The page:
The field of Hindu-Christian studies revives theology as a particularly useful interreligious discipline. Though a sub-division of the broader Hindu-Christian dialogue, it is also a distinct field of study, proper to a smaller group of religious intellectuals. At its best it envisions a two-sided, mutual conversation, grounded in scholars’ knowledge of their own tradition and of the other.
Based on the Westcott-Teape Lectures given in India and at the University of Cambridge, this book explores the possibilities and problems attendant upon the field of Hindu-Christian Studies, the reasons for occasional flourishing and decline in such studies, and the fragile conditions under which the field can flourish in the 21st century. The chapters examine key instances of Christian–Hindu learning, highlighting the Jesuit engagement with Hinduism, the modern Hindu reception of Western thought, and certain advances in the study of religion that enhance intellectual cooperation.
This book is a significant contribution to a sophisticated understanding of Christianity and Hinduism in relation. It presents a robust defense of comparative theology and of Hindu-Christian Studies as a necessarily theological discipline. It will be of wide interest in the fields of Religious Studies, Theology, Christianity and Hindu Studies.
Table of Contents
1. Prologue: Framing the Questions
2. Lecture One: The Jesuit Study of Hinduism: An Admirable and Imperfect Model for Hindu-Christian Studies
3. Lecture Two: How (and Why) Some Hindus Have Studied Christianity
4. Lecture Three: How the Study of Religions Can Rejuvenate Hindu-Christian Studies
5. Epilogue: Retrieving the Delicate Balance of Hindu-Christian Studies
Francis X. Clooney, SJ, is Parkman Professor of Divinity and Professor of Comparative Theology at Harvard Divinity School, Harvard University, USA. From 2010-2017, he was also the Director of the Center for the Study of World Religions. He is one of the foremost authorities in Hindu-Christian studies, and a leading proponent of comparative theology, a field of study which, though informed by philological scholarship and advances in the study of religion, respects the inner logic of faith traditions even while employing intellectual tools not defined by any one tradition.
As he clearly demonstrates in this book, the field of Hindu-Christian studies is both blessed and burdened with a relatively long, mixed ancestry and while some readers will want to question Clooney’s emphasis on the theological (rather than, say, the anthropological or sociological) aspects of Hindu-Christian engagements, and may also find his focus on Roman Catholic (Jesuit) figures too narrow, they will nevertheless find here a thoroughly readable account of a series of fascinating historical interactions.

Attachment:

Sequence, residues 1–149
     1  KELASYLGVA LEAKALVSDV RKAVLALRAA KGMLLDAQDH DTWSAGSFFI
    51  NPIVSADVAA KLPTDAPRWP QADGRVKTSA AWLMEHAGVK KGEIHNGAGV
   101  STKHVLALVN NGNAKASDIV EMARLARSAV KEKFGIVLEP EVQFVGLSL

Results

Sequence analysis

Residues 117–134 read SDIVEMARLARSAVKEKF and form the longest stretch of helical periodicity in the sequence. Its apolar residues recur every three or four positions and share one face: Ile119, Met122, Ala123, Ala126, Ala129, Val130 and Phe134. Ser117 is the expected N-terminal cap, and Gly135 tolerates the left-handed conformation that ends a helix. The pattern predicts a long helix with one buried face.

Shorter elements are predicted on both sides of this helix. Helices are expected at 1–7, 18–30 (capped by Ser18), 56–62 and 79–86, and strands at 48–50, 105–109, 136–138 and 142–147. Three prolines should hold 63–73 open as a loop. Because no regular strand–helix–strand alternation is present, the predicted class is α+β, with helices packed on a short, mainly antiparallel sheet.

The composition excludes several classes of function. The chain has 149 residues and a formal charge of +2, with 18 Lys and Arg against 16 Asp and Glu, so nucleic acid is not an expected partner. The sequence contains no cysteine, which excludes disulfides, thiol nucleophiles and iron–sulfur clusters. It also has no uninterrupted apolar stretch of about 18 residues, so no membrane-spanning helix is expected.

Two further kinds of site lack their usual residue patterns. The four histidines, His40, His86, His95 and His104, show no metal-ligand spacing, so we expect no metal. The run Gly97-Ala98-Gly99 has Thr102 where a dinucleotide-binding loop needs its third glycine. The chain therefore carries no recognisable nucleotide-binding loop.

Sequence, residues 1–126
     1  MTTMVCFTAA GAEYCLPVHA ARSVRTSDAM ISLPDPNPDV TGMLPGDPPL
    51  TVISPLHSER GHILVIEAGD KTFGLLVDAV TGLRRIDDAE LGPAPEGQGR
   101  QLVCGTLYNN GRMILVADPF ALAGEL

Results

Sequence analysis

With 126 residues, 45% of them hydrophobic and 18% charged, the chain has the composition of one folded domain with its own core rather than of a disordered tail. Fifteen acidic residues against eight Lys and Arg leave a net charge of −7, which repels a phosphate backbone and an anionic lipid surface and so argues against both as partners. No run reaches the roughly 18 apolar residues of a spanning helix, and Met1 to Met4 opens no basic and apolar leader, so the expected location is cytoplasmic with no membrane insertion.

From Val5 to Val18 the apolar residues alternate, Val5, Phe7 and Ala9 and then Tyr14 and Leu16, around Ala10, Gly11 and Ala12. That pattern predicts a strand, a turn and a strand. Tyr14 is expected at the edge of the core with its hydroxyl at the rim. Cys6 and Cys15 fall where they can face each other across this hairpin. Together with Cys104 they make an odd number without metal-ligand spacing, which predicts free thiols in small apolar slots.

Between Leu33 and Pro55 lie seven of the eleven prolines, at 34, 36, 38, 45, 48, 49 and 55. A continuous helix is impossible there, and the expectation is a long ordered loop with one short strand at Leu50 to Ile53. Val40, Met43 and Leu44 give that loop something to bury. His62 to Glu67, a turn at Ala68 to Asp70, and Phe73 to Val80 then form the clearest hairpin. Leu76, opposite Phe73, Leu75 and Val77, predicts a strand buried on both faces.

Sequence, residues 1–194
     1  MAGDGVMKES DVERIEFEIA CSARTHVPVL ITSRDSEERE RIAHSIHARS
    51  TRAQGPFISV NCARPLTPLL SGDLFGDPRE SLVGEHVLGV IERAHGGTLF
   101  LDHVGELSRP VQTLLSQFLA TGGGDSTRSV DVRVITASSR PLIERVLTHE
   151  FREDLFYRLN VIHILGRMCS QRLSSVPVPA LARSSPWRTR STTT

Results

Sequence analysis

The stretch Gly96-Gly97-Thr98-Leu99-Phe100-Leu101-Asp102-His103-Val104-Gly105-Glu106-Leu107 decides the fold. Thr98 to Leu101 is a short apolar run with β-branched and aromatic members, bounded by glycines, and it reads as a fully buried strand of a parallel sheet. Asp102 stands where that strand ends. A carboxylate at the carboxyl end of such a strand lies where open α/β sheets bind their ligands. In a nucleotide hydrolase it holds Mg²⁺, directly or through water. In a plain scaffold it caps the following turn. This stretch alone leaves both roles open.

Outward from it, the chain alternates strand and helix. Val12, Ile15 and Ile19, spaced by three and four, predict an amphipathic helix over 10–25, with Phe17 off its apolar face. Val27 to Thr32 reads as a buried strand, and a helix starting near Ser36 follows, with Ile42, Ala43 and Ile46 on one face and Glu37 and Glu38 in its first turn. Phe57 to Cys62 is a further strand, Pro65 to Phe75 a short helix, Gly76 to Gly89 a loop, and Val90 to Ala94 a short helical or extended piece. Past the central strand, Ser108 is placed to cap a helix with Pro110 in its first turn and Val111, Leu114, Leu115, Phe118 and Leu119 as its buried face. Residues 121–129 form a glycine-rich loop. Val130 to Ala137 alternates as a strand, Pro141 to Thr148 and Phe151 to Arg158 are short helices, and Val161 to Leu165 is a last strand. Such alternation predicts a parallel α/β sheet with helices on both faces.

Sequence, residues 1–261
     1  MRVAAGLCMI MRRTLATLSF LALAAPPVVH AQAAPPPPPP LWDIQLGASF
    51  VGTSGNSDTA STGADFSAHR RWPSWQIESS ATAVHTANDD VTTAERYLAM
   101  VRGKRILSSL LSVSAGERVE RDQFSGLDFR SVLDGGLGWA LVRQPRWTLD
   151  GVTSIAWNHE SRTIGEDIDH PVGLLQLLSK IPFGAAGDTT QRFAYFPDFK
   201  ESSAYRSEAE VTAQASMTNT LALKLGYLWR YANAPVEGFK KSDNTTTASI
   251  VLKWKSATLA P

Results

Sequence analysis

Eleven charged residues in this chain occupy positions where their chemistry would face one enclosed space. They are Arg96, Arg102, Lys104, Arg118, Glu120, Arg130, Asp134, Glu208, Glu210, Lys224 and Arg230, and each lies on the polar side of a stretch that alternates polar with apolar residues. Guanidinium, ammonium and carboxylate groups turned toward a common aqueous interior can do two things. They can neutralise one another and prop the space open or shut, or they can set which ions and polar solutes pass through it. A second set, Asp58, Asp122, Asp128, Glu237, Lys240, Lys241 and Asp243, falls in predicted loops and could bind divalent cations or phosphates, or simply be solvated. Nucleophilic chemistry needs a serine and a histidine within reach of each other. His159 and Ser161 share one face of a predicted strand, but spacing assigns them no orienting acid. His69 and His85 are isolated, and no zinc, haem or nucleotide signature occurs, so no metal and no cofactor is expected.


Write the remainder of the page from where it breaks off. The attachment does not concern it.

Daniel J. Soars, Clare College, University of Cambridge
Francis X. Clooney, SJ, a pioneer in developing the method of ‘comparative theology’ through his own study of Hinduism, offers us an excellent and illustrative introduction to it by telling us the story of Hindu–Christian studies in India from an analytic perspective. The missionary approach of Christians and the defensive reaction of Hindus slowly evolve, helped by the modern study of religion, into the discovery of a common space where faith can meet faith without abandoning intellectual rigour or religious identity. Clooney carefully points to both the challenges and benefits of intelligent, attentive, theologically grounded exchange. The book is a ‘must read’ for anyone interested in comparative theology and in Hindu–Christian studies.
Michael Amaladoss, S.J., Director of the Institute for Dialogue with Cultures and Religions, India
Francis X. Clooney, SJ, has carefully mapped Christian–Hindu interactions since their inception to now, demonstrating the longevity, sophistication, and complexity of those interactions, attending carefully to perspectives in each tradition. Highlighting forgotten instances wherein each took the other seriously, and couched in a sympathetic and nuanced Catholic theological perspective, The Future of Hindu–Christian Studies also addresses important issues arising in theology and religious studies today.